Wednesday, February 18, 2009



Rose and I were going through Kalgoorlie some years ago and took the opportunity to watch a demonstration of the refining of gold. That meant it was heated to 1200 degrees, it melted, and when the flux was added in the impurities could be drained off. The purity was made possible by the heat. We understand that. You want to sharpen an axe? Get a file or a grindstone and you can get it to razor thickness. As Solomon once said in a proverb, iron sharpens iron! We do understand that. It’s clear that adversity brings out the best in a person. It sorts out the men from the mice, the heroes from the wimps. As the writer of the book labelled Hebrews says,

“And you have forgotten that word of encouragement that addresses you as sons:
"My son, do not make light of the Lord's discipline, and do not lose heart when he rebukes you, because the Lord disciplines those he loves, and he punishes everyone he accepts as a son." Endure hardship as discipline; God is treating you as sons. For what son is not disciplined by his father?” (Hebrews 12:5-7)

In a way we are encouraged to accept trouble and suffering because it draws/forces endurance and perseverance – and that builds hope in us. Poverty isn’t bad either, because necessity is the mother of all invention. And then out of the blue, you find a little passage in scripture which surprises you by being on a different tack.

“ Fire tests the purity of silver and gold,
but a person is tested by being praised.”
(Proverbs 27:21 NLT)

And here it is in NIV

“The crucible for silver and the furnace for gold,
but man is tested by the praise he receives.”

Different isn’t it. Who you are, in the deep inner-self, is revealed by the way you respond to praise! Everybody is capable, somewhere, someway, of doing that which draws praise. Even Jesus. Perhaps especially Jesus! It’s Jesus who demonstrates, in a godly way, the truth of this saying. He knows that, often, praise and flattery are delivered in order that the one who gives it might get an advantage. After he fed the 5000, the people begun to sing his praises – and here is Jesus’ response.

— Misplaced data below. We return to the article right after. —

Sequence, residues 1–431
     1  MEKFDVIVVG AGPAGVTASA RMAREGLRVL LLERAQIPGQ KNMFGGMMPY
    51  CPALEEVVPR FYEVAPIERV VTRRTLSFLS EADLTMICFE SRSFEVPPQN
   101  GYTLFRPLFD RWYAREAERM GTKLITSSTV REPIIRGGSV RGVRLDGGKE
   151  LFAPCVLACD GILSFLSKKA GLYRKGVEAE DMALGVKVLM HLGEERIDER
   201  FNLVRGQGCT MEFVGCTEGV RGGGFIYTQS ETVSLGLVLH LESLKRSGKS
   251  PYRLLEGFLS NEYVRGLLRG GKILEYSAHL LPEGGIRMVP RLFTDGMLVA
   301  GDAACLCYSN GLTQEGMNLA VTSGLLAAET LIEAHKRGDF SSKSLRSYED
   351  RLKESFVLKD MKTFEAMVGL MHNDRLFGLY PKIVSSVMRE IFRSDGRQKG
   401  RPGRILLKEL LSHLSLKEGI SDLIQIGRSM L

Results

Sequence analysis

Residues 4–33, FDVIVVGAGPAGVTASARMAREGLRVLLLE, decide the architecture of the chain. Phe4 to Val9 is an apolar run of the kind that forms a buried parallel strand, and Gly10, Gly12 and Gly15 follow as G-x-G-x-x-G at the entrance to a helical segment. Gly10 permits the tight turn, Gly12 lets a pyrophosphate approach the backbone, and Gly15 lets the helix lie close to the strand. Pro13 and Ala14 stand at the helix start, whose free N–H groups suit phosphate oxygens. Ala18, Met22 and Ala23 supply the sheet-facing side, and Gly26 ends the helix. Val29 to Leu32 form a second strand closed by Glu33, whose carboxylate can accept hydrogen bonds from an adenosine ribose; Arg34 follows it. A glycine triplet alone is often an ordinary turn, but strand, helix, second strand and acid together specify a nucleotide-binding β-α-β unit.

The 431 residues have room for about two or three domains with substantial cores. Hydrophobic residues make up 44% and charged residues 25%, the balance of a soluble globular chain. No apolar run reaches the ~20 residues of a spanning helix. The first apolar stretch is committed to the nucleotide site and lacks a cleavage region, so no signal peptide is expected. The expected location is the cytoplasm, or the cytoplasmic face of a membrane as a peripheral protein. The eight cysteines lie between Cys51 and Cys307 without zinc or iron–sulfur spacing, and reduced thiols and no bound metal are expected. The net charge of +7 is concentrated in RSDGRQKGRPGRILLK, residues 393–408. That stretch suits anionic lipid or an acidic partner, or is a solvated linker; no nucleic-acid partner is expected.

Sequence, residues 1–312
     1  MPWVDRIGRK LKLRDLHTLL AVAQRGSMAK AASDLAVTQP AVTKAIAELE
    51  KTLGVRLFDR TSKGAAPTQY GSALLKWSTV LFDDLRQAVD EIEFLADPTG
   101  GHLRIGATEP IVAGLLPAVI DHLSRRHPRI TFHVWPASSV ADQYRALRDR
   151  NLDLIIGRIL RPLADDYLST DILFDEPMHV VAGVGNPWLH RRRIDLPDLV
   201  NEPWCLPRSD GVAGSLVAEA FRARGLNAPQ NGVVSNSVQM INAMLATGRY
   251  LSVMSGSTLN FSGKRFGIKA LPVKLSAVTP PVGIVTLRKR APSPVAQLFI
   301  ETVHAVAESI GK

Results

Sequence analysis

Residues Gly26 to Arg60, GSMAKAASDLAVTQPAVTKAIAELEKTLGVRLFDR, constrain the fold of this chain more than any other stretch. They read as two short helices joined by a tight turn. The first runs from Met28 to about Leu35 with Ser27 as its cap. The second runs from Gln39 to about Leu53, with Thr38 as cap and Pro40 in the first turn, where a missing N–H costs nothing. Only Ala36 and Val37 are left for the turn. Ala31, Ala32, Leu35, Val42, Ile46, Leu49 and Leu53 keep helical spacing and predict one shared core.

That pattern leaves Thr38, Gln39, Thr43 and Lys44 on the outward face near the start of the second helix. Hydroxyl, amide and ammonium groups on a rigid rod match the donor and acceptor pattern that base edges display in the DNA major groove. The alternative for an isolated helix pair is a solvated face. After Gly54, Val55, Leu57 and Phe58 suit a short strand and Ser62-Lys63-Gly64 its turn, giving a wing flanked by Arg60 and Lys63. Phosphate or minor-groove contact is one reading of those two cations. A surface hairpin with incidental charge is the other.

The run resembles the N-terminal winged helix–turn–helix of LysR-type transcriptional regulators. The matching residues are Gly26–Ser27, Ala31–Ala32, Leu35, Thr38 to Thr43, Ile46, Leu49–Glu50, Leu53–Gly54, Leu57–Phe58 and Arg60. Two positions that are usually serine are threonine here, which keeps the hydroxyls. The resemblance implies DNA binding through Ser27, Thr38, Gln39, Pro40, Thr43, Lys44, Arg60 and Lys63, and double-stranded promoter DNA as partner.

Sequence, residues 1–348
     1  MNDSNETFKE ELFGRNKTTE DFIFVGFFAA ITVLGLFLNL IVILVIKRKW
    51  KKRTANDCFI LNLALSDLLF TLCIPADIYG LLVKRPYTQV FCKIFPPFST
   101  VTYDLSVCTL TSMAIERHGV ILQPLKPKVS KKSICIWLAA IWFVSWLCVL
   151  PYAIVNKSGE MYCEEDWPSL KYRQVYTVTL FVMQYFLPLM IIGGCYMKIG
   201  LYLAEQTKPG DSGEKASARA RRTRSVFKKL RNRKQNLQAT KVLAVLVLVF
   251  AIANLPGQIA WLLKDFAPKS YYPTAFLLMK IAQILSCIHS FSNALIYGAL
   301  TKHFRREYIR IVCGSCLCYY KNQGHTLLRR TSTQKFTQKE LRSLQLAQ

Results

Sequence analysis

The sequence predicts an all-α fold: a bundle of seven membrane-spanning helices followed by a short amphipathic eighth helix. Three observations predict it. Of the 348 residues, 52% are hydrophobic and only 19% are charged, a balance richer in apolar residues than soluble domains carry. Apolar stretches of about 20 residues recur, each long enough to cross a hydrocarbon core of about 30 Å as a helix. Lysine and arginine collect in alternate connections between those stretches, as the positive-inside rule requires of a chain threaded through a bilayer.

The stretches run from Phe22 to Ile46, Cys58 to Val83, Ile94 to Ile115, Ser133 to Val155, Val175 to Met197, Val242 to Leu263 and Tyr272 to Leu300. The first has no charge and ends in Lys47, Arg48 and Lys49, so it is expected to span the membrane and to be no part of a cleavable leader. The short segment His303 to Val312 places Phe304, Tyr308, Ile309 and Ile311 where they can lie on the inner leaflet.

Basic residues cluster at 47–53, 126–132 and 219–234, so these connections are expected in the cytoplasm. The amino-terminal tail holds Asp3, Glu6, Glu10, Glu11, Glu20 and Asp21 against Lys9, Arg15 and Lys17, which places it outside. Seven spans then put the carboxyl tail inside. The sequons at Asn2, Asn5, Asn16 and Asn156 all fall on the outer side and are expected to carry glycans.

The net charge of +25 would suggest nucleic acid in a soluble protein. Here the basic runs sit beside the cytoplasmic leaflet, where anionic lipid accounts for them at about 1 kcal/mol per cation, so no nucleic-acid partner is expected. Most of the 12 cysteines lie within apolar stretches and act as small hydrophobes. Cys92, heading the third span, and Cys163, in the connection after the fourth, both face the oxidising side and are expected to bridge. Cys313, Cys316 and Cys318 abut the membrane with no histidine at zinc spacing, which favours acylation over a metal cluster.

“Jesus, knowing that they intended to come and make him king by force, withdrew again to a mountain by himself.” (John 6:15)

In the wilderness the devil had recognised the real threat Jesus was to his earthly control. He tried flattery, offered him shortcuts, all of which he refused. He resisted any attempt to deflect him from his Father’s work. He declined to entrust himself to human assessments. (John 2:24) Because he properly feared God he was never double-minded or heart-divided. Jesus’ person and example is our teacher:

· The Apostle Paul: “Have this mind among yourselves which you have “IN CHRIST JESUS” Phil 2:5

· And Father God: “This is my Son whom I love. Listen to HIM! (Matt 17:5)

· And Jesus himself: LEARN FROM ME for I am meek and humble at heart. (Matt 11:29).

There it is. Jesus knew his place before the one whose judgement really mattered. Do you?

Bless you guys



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